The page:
Happiness and science? Surely not. With World Mental Heath Day 2018 upon us, we take a look at 7 scientifically proven ways to be happier.
Research suggests that happiness can indeed be learned. But what will make you happy and where can you learn the tricks of the happiness trade?
Surprisingly what we think will make us happy rarely does. Grant and Gluck’s study tells us that the thrill of acquiring material possessions, changing our appearance or any of the things that we erroneously believe will bring us joy, usually don’t long term. We’re then left with a feeling of ‘Is this all there is?’.
A major US study found that the richest Americans earning over $10 million annually reported levels of personal happiness only slightly higher than their employees. It seems, then, the answer isn’t money.
The Power of Journalling
Martin Seligman, the ‘father’ of positive psychology suggests keeping a ‘Gratitude Journal’. His influential research working with 70 severely depressed adults found that the keeping of a journal (and of course writing daily in it) produced impressive results. Weeks and months later, the gratitude journal had a significant impact upon the increased happiness of the research subjects whose depression had significantly decreased.
You may find yourself wondering if a journal is really going to cut the mustard for you on an off day. You may be onto something as longitudinal research with fraternal twins suggests that we may all have a ‘set point’ in terms of our happiness, which originates from our parents. For some, being happy just seems to come naturally whilst for others it takes work. The ‘set point’ is believed by some psychologists to be our baseline, a median point of happiness that we will always return to after highs and lows. Luckily, happiness isn’t something that you either have or you don’t, it’s something that you can develop.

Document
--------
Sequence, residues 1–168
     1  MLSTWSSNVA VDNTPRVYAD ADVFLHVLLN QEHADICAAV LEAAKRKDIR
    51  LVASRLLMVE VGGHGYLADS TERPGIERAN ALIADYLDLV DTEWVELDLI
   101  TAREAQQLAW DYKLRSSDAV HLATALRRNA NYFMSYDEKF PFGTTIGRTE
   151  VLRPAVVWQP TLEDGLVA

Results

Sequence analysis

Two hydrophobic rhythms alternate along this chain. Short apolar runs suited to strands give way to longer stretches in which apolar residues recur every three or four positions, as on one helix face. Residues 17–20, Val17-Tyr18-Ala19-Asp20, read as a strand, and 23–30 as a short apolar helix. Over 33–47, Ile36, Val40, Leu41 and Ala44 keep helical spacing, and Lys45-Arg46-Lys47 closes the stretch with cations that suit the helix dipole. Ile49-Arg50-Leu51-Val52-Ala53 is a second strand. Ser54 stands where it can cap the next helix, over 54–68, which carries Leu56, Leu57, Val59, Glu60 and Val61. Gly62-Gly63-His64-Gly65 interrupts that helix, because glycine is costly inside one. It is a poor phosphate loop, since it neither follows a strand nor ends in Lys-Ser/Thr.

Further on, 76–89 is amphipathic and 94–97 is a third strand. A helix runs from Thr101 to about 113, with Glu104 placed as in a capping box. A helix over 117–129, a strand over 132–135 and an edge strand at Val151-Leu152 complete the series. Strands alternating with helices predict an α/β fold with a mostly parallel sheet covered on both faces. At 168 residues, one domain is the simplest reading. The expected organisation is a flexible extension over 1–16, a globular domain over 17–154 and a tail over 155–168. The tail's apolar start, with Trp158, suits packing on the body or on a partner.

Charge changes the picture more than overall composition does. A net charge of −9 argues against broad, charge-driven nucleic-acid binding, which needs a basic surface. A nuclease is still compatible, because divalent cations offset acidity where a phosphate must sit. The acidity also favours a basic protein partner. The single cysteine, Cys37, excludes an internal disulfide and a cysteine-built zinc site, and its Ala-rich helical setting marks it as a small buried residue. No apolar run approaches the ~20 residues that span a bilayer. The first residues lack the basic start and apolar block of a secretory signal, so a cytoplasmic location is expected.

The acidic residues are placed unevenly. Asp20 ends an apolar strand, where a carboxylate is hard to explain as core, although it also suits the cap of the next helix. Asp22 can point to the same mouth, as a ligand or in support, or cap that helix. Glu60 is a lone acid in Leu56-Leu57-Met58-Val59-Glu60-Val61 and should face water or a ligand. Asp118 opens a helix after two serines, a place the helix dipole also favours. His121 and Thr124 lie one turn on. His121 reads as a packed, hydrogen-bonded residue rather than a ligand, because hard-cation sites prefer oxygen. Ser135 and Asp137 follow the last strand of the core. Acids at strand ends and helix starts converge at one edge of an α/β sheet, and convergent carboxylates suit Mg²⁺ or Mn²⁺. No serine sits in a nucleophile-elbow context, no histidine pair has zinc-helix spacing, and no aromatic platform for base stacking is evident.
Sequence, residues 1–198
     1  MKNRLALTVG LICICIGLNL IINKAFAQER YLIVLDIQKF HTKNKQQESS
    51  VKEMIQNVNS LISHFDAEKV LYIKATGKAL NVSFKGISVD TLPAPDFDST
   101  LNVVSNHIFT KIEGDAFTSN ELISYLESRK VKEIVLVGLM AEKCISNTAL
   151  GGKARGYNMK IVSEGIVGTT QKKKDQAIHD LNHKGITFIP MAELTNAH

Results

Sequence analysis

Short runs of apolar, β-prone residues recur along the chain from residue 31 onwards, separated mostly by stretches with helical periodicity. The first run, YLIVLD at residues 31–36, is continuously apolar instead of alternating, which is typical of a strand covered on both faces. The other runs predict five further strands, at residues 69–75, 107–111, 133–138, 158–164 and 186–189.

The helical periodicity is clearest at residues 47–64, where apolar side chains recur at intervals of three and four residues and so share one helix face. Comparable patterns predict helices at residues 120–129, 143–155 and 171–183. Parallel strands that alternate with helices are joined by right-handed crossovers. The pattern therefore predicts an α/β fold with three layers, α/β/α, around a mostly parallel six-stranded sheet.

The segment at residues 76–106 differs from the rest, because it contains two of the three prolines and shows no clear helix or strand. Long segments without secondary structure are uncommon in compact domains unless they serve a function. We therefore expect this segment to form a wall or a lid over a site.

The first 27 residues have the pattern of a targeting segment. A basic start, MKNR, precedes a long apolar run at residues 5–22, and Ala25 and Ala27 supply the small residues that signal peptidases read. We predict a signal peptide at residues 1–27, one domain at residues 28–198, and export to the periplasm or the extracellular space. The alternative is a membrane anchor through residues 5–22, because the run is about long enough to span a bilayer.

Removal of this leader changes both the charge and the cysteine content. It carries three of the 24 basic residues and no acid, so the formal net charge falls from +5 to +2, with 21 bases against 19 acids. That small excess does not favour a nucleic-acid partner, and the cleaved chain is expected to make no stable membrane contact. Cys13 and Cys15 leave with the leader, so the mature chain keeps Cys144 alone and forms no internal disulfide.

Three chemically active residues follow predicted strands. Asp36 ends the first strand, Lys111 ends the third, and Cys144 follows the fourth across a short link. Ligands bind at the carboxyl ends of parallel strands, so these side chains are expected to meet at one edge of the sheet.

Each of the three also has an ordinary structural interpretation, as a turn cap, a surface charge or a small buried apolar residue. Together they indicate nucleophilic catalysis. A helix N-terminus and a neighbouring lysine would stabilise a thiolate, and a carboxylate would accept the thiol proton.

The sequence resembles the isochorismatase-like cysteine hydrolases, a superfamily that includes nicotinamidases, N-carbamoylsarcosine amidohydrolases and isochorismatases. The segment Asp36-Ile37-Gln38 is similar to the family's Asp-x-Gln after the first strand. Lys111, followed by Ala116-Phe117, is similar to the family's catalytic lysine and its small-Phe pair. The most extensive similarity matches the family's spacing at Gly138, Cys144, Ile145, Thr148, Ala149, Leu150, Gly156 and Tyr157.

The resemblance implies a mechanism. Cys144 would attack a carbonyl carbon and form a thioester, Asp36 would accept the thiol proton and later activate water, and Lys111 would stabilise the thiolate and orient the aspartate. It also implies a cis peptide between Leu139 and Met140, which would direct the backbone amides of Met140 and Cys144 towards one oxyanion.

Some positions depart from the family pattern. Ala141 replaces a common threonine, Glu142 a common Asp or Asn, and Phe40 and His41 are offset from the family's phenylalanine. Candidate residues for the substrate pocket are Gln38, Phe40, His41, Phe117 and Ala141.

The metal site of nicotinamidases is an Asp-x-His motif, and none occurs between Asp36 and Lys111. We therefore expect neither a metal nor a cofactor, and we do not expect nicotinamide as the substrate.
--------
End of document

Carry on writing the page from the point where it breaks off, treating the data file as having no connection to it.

Wherever your set point might be, there are a whole host of habits that you can adopt in an attempt to improve it. We know from extensive studies that the following actions will stand you in good stead in terms of increasing your level of happiness. When followed, each of these behaviours and approaches to life will nudge your level of happiness just a little further up the happy-o-meter.
- Make time to nurture relationships with your family & friends. Get the work/life balance right
- Express gratitude for what you have (a journal is the perfect way to do this, or running over your day in your head before you go to sleep, picking out what you are grateful for as you go along)
- Offer to help others, this will build your self esteem and help someone else at the same time (as well as strengthening your social network)
- Practice optimism when thinking about the future. Forget what everyone else is saying and focus on a positive future.
- Live in the present. Try to make sure that you are really in the moment wherever you are; at work, with friends, or just relaxing. Stop yourself from thinking about what’s on the ‘To do’ list, enjoy life and just be.
- Exercise. The latest neuropsychology tells us that exercise not only makes you look and feel better, it strengthens the neural pathways helping them to repair themselves as well as protecting you from the onset of dementia. Add this to the mixture of feel good endorphins that your brain releases into your body when you exercise and you’re onto a winner.
- Have lifelong goals & ambitions. Set yourself goals, what have you always wanted to do? How will you get there? Break it down into small steps and watch yourself grow. As Brian Tracy says ‘You can’t hit a target you can’t see’. Setting and achieving your goals will help you to build your self esteem, resilience and efficacy.
So now you’re armed. You know what to do to make happiness a habit and improve the level of joy in your life. Let us know how you get on!
If you’d like to know more about happiness, positive psychology or you just fancy a chat with us we’d love to hear from you. Contact us at firstname.lastname@example.org or take a look at our half day, full day, bitesize, bespoke events or conference sessions.